Friday, May 22, 2009

The Fort Collins Coloradoan on the the latest vacancy rates

Fort Collins apartment vacancies decrease
BY HALLIE WOODS • May 22, 2009

Fort Collins was one of four areas across the state to see decreasing multifamily vacancy rates at the beginning of 2009, a new report says.

The city's apartment vacancy rate fell to 4 percent in the first quarter of 2009 from 4.8 percent in the first quarter of 2008, according to a report released Thursday by the Colorado Division of Housing.

Loveland, however, saw an increase of vacancy rates to 6.1 percent from 5.6 percent in the first quarter of 2008 in the first quarter of 2009, according to the report.

Experts attribute Fort Collins' decreasing vacancy rates to a tightening up of the home mortgage market and a robust economy due to the university and a growing number of renewable energy startups.

"The whole Northern Colorado region still has some stable job opportunities: renewable energy, health care. And, if you are going to live in Northern Colorado, what better place to live than in Fort Collins?" said Terrance Hunt, principal at Apartment Realty Advisors in Denver. Hunt specializes in the Northern Colorado market.

Homeowners falling into foreclosure are typically not turning to multifamily rental housing, such as apartments, but are turning to single-family home rentals, said Ryan McMaken, spokesman for CDH.

Families who might have looked to purchase a home during the housing market boom, however, are either searching for or staying put in multifamily rental housing.

"In 2003, the rhetoric is why are you throwing your money on rent? That is no longer the dominant way of thinking," McMaken said. "People need very good if not excellent credit on a home. For these reasons, people are staying in rental housing longer."

In Fort Collins, the largest drop in multifamily rental housing vacancies occurred on the northwest side of town, where the rate dropped from 7.1 percent in the first quarter of 2008 to 3.8 in the first quarter of 2009.

Candace Capitelli, property manager of Stone Creek Apartment Homes, 1225 W. Prospect Road, said her 167-unit apartment complex has been easy to fill.

Monday, May 18, 2009

The Durango Herald on foreclosures

County's foreclosure rates go up
But Durango area looks good when compared with Front Range
by Dale Rodebaugh
Herald Staff Writer
Article Last Updated; Monday, May 18, 2009
Foreclosure filings and real estate auction sales rose sharply in La Plata County from first quarter 2008 to the same period this year, a [CDH] report shows. But by another standard, La Plata County is not doing too badly.

"Your foreclosure rate is low," Ryan McMaken, a researcher and director of communications at the state agency, said Friday. "You're not close to the problems they have on the Front Range."
custom residential construction

The agency's report shows that in the first three months of 2009, there were 10,745 foreclosure filings and 4,354 sales (completed foreclosures) statewide, compared to 11,634 filings and 5,899 sales in first-quarter 2008 - decreases of 8 percent and 26 percent, respectively.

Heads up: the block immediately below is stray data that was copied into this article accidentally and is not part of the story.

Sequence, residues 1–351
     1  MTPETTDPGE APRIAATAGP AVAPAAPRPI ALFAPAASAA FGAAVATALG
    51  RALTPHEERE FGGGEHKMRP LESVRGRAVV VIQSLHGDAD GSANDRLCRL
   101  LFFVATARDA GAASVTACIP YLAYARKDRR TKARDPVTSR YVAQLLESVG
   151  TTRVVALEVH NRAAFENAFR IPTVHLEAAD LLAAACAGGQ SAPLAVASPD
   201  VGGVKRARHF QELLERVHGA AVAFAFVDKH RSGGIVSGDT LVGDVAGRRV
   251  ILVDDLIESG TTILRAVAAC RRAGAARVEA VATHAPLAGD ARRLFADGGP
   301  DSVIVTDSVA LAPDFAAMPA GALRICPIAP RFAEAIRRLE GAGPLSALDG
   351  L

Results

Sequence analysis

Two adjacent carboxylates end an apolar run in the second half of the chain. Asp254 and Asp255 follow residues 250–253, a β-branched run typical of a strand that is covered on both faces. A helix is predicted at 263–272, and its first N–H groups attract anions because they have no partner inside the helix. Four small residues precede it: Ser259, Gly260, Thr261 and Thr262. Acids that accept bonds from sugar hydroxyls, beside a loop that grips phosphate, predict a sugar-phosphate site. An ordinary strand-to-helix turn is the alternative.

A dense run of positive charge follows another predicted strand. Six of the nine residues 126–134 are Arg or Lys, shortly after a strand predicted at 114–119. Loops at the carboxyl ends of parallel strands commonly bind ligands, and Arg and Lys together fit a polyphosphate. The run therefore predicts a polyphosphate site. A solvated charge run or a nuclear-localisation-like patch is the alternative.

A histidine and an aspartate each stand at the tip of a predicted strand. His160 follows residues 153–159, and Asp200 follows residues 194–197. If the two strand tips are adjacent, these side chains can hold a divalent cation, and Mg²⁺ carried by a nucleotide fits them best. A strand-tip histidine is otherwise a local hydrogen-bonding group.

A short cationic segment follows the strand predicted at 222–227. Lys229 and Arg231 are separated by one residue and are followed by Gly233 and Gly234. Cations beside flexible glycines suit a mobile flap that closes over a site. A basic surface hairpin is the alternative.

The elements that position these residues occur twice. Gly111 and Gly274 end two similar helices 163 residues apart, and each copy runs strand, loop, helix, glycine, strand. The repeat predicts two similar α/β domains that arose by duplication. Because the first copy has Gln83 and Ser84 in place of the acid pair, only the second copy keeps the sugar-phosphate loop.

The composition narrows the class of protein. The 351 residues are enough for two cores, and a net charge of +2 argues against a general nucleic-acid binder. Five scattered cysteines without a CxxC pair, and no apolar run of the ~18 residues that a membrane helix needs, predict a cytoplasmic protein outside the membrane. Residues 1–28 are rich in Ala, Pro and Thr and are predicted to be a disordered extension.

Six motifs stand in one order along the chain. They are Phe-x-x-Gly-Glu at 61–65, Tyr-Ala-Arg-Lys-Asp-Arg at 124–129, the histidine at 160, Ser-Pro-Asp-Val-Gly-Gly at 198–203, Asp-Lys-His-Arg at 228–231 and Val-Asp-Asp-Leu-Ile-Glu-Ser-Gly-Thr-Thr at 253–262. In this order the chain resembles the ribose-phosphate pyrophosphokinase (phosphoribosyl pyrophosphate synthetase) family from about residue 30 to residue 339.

In La Plata County, on the other hand, filings increased from 23 in the first quarter of 2008 to 64 in the same time frame this year - an increase of 180 percent. Auction sales tripled - from seven to 21 - in the same corresponding period.

The second, third and fourth quarters of 2008 saw 44, 30 and 51 foreclosure filings, respectively, in La Plata County. The number of auction sales in the same three quarters - five, eight and six - were almost identical to the seven registered in the first quarter of 2008.

But a snapshot of first quarter 2009 reveals that there was one auction sale for every 944 households in La Plata County. Excluding seven counties that had no foreclosure activity, 35 counties had one foreclosure sale per fewer number of households; 21 counties recorded one sale per greater number of households.

An example: Denver County had one sale for every 352 households while Moffat County had one sale for every 2,629 households.

"Look at Denver County. The rate was almost three times that of La Plata County," McMaken said. "The percentage of households recording a foreclosure sale shows the same trend - .00283 percent in Denver County and .00108 in La Plata County."

McMaken said higher rates of foreclosure sales don't tell the entire story. Eagle, Grand, Summit and Pitkin counties have high percentages of households in foreclosure, but many are second homes, he said.

"The owners still have a place to live," he said.

La Plata County Treasurer Ed Murray added an observation.

"The numbers for the first quarter of 2009 are correct," Murray said in an e-mail. "But first-quarter sales are foreclosures started in a prior year. The soonest a foreclosure sale can occur is 110 days for residential property and 215 days for an agricultural property."

The Department of Local Affairs report said that the 12 most populous counties register 95 percent of foreclosure activity. They tend to be along the Front Range.

"The effects of the recession that began in December of 2007 are not necessarily evident in the number of completed foreclosures," the report said. "However, the fact that the new foreclosure filing totals have not fallen off may indicate that many homeowners are still missing payments.

"We know from data released by the national Mortgage Bankers Association that the number of home loans in Colorado that are least 90 days delinquent continues to rise."

The report said that foreclosure filings are on a pace to equal 2007 and 2008 numbers. Sales, however, aren't expected to reach 2008 totals and foreclosures would have to increase significantly to reach 2007 peak levels, the report said.

Tuesday, May 12, 2009

The Greeley Tribune on Foreclosures

Fewer people lose homes to foreclosure, but ...

by Sharon Dunn

House Bill 1276, the Foreclosure Delay act, gives homeowners and their lenders 90 days to avoid foreclosure by working with certified mortgage counselors to regain their financial footing.

Gov. Bill Ritter is due to sign the bill by June 5, and it will be effective July 1.